Marketers rate social media as the most difficult form of online marketing that they do. They rate this as their fourth most effective kind of marketing.

When you consider other elements of marketing which they also find difficult, such as SMS marketing or marketing through ecommerce channels, you can see that things rated as more difficult tend to be rated as less effective.

This suggests that people may be finding data that confirms their beliefs. They believe email marketing to be easy and so the data they find backs up it is successful. In other words, people tend to find what they are looking for,

Independent analysis, by firms such as HubSpot, shows that content marketing is by far the single most successful online method of generating sales. Yet, marketers believe this is one of the least successful elements, behind email marketing, a website, SEO and social media. But they also rate it as one of the most difficult kinds of marketing they do. They don’t rate it as that successful because they find it hard to do.

What this data suggests is that email marketing might not be the “holy grail” it seems. It might just be that people find it easy and therefore reckon it is valuable.

Sometimes, a business benefits when you concentrate on the more difficult tasks, rather than the easy ones. Just because it is easy and it produces results, does not mean that email marketing is better than something else, such as content marketing which is more difficult to work with. Don’t let a marketing task’s difficulty fool you into believing it will not be successful. We might be being fooled into believing that email marketing is the most successful form of online marketing, when in reality what we are actually measuring is its ease of use.

Categories: Email

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Why do businesses send such stupid emails?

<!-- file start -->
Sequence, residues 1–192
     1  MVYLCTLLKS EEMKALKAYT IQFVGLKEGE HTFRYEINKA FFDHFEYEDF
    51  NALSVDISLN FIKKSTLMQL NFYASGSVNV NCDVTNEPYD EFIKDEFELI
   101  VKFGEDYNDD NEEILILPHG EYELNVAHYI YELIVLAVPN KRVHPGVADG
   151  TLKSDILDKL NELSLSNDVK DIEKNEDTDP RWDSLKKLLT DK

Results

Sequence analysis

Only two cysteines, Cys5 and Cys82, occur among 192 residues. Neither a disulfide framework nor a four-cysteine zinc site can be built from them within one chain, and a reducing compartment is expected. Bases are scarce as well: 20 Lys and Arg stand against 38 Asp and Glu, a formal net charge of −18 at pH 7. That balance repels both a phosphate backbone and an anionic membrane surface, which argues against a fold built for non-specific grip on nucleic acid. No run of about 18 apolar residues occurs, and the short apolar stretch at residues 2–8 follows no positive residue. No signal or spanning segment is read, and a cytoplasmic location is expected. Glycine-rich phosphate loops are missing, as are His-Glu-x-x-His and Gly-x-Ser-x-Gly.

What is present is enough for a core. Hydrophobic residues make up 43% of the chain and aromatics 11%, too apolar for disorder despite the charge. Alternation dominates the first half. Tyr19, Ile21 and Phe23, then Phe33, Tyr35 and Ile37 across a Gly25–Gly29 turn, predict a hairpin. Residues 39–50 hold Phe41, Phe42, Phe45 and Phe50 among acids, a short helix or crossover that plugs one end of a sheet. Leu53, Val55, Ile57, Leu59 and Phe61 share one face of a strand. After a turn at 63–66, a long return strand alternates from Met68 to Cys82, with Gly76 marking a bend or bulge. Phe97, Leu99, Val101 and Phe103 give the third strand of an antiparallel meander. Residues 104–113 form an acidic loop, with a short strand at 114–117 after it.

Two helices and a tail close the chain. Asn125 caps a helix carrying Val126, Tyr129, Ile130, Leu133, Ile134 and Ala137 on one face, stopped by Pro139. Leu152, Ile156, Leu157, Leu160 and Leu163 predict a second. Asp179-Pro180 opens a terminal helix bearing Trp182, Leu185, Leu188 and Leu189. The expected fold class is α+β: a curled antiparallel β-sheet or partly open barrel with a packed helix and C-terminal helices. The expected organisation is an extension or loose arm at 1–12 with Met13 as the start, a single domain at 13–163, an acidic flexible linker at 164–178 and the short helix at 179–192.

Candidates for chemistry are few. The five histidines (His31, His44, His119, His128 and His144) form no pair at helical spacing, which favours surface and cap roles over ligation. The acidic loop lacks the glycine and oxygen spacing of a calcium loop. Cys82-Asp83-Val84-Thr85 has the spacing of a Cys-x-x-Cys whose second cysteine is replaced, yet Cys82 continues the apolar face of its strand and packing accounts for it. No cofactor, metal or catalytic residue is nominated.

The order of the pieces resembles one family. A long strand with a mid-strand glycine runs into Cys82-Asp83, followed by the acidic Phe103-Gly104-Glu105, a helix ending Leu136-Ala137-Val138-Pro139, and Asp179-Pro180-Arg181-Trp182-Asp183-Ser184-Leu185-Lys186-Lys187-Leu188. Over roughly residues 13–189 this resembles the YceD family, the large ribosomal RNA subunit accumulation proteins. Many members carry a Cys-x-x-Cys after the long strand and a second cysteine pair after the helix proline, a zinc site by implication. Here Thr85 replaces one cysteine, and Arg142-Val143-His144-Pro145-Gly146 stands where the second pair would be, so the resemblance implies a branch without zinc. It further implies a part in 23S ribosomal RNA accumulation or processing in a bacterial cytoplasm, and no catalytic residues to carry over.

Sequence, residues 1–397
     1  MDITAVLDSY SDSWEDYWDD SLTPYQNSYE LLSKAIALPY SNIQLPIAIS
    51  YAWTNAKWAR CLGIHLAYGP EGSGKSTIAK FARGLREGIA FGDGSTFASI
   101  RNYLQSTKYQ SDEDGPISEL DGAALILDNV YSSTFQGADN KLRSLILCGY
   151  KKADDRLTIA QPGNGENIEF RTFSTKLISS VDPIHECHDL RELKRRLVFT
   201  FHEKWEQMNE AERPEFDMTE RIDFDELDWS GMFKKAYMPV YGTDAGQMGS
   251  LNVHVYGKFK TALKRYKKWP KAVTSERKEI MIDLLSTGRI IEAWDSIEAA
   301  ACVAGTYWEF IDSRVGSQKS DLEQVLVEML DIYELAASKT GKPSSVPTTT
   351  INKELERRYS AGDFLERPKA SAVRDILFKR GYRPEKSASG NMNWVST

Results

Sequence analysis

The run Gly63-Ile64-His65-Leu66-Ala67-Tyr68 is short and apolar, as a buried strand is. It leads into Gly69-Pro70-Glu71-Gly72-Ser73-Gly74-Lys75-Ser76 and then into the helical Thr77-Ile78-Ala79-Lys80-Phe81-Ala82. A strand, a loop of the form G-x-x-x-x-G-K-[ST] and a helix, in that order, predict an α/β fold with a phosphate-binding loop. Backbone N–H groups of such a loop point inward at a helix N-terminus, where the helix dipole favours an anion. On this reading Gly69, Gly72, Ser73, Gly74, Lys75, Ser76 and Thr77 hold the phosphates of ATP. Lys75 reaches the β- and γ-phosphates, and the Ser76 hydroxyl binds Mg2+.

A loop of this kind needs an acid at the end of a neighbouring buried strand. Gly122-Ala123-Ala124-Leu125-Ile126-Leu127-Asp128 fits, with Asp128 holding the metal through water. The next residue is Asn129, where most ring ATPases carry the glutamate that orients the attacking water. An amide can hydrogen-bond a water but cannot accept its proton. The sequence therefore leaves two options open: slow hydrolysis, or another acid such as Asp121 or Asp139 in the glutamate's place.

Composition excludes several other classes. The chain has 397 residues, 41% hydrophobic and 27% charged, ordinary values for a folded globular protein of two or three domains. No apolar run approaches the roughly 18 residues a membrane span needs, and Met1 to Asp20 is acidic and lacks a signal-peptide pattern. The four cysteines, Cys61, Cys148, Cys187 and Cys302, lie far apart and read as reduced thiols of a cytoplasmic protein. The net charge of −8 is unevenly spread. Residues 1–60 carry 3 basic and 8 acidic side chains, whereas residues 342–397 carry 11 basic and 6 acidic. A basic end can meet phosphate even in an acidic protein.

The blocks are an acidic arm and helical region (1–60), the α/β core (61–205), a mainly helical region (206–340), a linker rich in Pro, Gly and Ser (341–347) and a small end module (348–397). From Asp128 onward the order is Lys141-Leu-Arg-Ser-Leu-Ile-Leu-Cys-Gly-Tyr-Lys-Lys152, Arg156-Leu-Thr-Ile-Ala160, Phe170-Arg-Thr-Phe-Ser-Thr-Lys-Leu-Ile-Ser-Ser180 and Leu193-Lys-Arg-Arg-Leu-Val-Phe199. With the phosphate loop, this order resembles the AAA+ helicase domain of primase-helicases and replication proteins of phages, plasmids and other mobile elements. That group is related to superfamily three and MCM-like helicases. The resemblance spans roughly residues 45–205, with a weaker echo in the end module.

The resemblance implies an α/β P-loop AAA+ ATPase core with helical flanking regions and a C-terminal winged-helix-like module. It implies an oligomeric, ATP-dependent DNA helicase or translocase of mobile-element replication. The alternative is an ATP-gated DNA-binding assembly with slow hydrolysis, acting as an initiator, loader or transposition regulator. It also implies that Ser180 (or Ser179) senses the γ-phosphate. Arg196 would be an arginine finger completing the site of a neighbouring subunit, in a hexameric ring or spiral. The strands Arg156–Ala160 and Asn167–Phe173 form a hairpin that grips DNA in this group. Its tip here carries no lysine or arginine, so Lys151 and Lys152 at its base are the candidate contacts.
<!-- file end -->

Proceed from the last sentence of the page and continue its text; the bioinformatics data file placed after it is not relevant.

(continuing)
Six out of ten marketing emails never get opened

Email marketing Are marketers plain daft or just lazy? They can only be one or the other. Surely they know that personalising their email marketing initiatives is what is needed to engage people. That’s not news, after all. Neither is it some amazing fact that would surprise even the most green of marketers. So why is it that most emails sent out by brands are not personalised? Either the companies don’t know that personalisation is essential or they can’t be bothered. And if they can’t be bothered, why should we be bothered to open their emails?

In fact, we don’t bother. A recent study found that the average inbox contains 250 unopened marketing emails from companies and brands. The majority of these emails are from companies which the recipients signed up for – they are not unwanted spam. So why do they remain unopened?

The survey revealed some key factors behind the extent of unopened, yet requested, emails:

  • The emails contain irrelevant information
  • The content is not personalised
  • The subject lines are boring

Now, forgive me if I am being stupid myself, but aren’t these obvious reasons for failure? Isn’t it clear to marketers that every email they send should be personalised, contain relevant information and have a subject line that makes people want to open it? That’s all kind of obvious isn’t it?

So why aren’t companies doing the obvious? Are they daft or lazy?

The web is focused on the wrong thing

One reason why companies may not care that most of their emails lay unopened and unseen is because the web focuses our minds on “traffic”. Everywhere you look there are little signs saying how many people shared this, how many followers this page has or how many people watched something. On top of this businesses have analytics which tell them how many people opened something, how many of them used particular search words and how many of them clicked on something.

We are surrounded by data which is about “how many”.

So email marketers gain success by ever increasing the size of their mailing list; they concentrate on getting more and more people to subscribe. That produces nice graphs for management meetings showing an upward trend. Then they look at “open rates” or “click through rates” and get depressed by how few people actually engage with what they send out. Then someone produces some spurious statistic saying that even this low open rate is much better than was ever achieved with printed direct mail. So, the meeting then goes back to “the only way we can get more sales is to get more subscribers” – and so the circle is completed; businesses believe that the main solution to their problem with email marketing is getting a bigger list.

Yet the recent study shows that the majority of those 250 unopened emails would get opened if they had interesting subject lines, were personalised and contained relevant information. And that suggests you could make more money without expanding your mailing list but by doing “the obvious” when it comes to marketing.

Marketers are not stupid; they know what to do. The problem is they are surrounded by desires to increase numbers of recipients, rather than increase conversion rates from existing subscribers.